Recent findings from a joint poll conducted by the Ilko Kucheriv Democratic Initiatives Foundation and the Center for Political Sociology have indicated the main dangers Ukrainian see in the upcoming months as Russia’s war against them continues.  They range from concerns about security, to the effects of corruption and economic hardship.

The poll was conducted using face-to-face interviews from June 5 to 15, 2023 and included 2,001 respondents aged 18 and older from regions in Ukraine where military operations were not taking place. The maximum random sampling error was found to be within 2.3%.

The survey revealed that 60% of the population is worried about the possibility of massive attacks on cities in the near future. Additionally, 45% of respondents are worried about potential disruptions in electricity, heat, or water supply. The rising cost of essential goods is another major concern for 40% of those surveyed.


Significantly, the poll also identified corruption within government bodies as a worry for 34% of respondents.

30% expressed concerns about the potential of a new offensive by Russian troops. Furthermore, nearly a quarter of participants predict a deterioration in the situation related to environmental pollution and the use of nuclear weapons by the Russian Federation.

Interestingly, the three primary security concerns were consistent across the country, regardless of respondents' macro-region of residence. However, regional differences emerged when it came to other issues.

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The document provides for security and defence assistance, help with reconstruction efforts, as well as support in other areas, from cybersecurity to countering Russian disinformation campaigns.

In the western and central regions, corruption and the potential for a new Russian offensive were particularly acute concerns.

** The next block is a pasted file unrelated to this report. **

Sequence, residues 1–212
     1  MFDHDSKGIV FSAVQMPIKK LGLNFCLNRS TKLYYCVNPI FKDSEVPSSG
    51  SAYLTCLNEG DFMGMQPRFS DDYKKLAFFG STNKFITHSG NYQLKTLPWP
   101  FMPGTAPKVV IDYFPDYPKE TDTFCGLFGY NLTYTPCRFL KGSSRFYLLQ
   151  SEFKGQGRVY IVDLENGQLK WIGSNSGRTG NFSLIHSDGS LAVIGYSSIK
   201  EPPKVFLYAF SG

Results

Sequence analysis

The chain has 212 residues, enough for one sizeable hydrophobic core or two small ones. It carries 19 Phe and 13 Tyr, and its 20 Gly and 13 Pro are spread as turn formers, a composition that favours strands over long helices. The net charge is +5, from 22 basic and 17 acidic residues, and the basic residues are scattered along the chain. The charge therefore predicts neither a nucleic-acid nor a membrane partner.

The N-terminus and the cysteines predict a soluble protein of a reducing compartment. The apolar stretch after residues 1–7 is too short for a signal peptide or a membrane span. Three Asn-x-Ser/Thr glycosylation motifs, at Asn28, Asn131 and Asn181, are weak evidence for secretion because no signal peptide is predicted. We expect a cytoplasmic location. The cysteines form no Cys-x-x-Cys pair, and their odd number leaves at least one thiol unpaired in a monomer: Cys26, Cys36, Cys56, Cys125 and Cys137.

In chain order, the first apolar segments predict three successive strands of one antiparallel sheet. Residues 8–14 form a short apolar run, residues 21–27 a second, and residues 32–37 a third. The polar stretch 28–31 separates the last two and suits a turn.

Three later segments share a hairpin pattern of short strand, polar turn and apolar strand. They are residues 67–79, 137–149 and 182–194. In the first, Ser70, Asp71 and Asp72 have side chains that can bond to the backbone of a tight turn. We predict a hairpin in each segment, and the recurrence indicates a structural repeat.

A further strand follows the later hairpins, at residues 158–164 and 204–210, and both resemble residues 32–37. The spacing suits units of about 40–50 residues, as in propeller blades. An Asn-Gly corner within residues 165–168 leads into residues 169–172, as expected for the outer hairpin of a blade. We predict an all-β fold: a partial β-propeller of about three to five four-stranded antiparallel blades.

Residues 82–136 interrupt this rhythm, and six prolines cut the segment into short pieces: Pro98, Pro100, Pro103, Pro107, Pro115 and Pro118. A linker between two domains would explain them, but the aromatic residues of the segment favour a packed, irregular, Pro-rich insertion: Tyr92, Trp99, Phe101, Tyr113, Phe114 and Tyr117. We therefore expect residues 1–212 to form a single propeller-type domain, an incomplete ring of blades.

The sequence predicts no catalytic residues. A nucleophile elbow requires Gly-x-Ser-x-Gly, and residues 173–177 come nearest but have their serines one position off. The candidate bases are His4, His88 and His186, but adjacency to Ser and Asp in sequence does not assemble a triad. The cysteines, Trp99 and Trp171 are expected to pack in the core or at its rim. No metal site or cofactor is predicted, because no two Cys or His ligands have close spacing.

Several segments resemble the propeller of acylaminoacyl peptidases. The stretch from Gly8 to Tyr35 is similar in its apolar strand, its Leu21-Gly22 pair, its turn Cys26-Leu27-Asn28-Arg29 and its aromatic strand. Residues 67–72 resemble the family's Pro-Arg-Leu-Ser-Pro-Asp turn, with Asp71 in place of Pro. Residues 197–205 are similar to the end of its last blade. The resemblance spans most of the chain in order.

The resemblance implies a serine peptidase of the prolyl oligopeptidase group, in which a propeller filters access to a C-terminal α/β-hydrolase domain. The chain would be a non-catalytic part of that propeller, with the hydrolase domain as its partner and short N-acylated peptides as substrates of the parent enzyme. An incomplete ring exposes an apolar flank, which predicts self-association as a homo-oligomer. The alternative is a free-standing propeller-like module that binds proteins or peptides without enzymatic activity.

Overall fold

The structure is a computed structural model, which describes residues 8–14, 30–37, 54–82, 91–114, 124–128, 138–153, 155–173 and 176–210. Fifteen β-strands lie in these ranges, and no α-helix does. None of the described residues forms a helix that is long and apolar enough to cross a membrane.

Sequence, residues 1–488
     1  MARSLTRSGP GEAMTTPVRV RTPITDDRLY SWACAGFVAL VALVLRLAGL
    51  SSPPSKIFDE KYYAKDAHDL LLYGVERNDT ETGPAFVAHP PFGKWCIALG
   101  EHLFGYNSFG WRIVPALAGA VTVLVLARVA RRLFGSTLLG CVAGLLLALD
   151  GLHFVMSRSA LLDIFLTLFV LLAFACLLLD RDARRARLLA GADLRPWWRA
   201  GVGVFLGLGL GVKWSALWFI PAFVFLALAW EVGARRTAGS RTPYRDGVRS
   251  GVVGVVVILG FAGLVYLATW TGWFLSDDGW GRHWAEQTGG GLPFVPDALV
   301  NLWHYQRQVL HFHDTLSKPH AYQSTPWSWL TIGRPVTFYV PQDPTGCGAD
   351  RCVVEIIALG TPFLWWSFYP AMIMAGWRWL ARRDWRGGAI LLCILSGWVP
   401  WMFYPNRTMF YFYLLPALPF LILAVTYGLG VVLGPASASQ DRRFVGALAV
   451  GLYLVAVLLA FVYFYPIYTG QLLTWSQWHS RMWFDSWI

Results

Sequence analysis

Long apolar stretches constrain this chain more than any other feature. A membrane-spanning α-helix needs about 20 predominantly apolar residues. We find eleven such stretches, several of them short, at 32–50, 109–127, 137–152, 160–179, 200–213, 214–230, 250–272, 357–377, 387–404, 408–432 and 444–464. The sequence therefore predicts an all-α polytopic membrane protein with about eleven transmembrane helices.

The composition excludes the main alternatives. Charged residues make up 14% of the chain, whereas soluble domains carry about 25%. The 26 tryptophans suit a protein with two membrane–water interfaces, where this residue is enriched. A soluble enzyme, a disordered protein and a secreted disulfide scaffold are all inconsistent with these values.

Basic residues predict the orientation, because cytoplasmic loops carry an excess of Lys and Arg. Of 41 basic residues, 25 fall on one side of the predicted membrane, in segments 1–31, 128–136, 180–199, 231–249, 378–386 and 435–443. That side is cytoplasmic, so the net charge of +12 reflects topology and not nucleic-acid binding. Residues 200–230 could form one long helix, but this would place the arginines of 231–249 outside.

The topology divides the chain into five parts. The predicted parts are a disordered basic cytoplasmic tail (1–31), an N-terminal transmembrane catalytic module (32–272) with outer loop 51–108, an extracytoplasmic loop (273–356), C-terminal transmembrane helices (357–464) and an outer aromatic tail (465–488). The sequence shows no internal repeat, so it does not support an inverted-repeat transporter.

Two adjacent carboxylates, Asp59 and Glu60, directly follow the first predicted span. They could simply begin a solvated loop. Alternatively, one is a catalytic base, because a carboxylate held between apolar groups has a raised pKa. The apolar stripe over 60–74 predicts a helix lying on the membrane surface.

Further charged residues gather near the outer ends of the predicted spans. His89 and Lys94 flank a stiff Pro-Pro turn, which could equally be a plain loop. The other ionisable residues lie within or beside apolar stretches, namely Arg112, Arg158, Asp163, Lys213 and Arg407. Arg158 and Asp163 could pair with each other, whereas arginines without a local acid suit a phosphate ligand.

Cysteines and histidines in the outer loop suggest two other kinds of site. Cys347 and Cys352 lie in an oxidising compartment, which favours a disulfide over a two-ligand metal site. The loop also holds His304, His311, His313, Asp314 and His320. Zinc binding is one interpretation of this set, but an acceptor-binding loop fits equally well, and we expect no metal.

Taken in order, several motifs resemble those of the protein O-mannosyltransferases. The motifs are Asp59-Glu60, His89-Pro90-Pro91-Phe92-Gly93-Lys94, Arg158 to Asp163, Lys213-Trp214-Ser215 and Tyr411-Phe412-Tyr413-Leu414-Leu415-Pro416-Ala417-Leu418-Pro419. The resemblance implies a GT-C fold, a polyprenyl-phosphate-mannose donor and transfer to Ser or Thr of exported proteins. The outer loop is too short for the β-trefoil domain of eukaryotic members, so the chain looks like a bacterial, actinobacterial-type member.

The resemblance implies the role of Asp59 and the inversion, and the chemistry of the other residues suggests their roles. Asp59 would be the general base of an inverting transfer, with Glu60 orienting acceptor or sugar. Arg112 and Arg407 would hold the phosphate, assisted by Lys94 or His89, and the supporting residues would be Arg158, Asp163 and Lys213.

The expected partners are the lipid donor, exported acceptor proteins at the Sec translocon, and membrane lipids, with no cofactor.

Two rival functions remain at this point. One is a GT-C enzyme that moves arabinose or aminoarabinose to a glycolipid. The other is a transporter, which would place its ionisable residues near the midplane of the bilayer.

By contrast, residents in the eastern regions were more worried about the use of nuclear weapons and environmental pollution. In the southern regions, the spread of diseases or epidemics, possibly exacerbated by the destruction of the Kakhovka HPP dam, was a significant concern.

Among financially vulnerable segments of the population, the fear of shortages in essential goods and sharp price increases for such goods was especially relevant. The potential cessation of military and economic support from the West was deemed likely by only 15% and 11% of respondents, respectively.


In addition to security concerns, respondents frequently mentioned fears related to material and financial threats, as well as threats to their well-being. Specifically, 45% of polled Ukrainians expressed concern that their families could face health deterioration or loss of life due to military operations in the near future. 

Approximately 33% of respondents feared losing their sources of income, while around a quarter of citizens worried about separation from family members or the mobilization of a family member.

The survey also shed light on the financial hardships faced by some Ukrainians. Roughly 10% of the population currently lives below the poverty line, and 41% of respondents reported having just enough money to meet their basic survival needs. The situation has remained unchanged since December 2022. Notably, unemployed individuals, particularly those unable to work due to age or health limitations, experienced the most severe financial difficulties.



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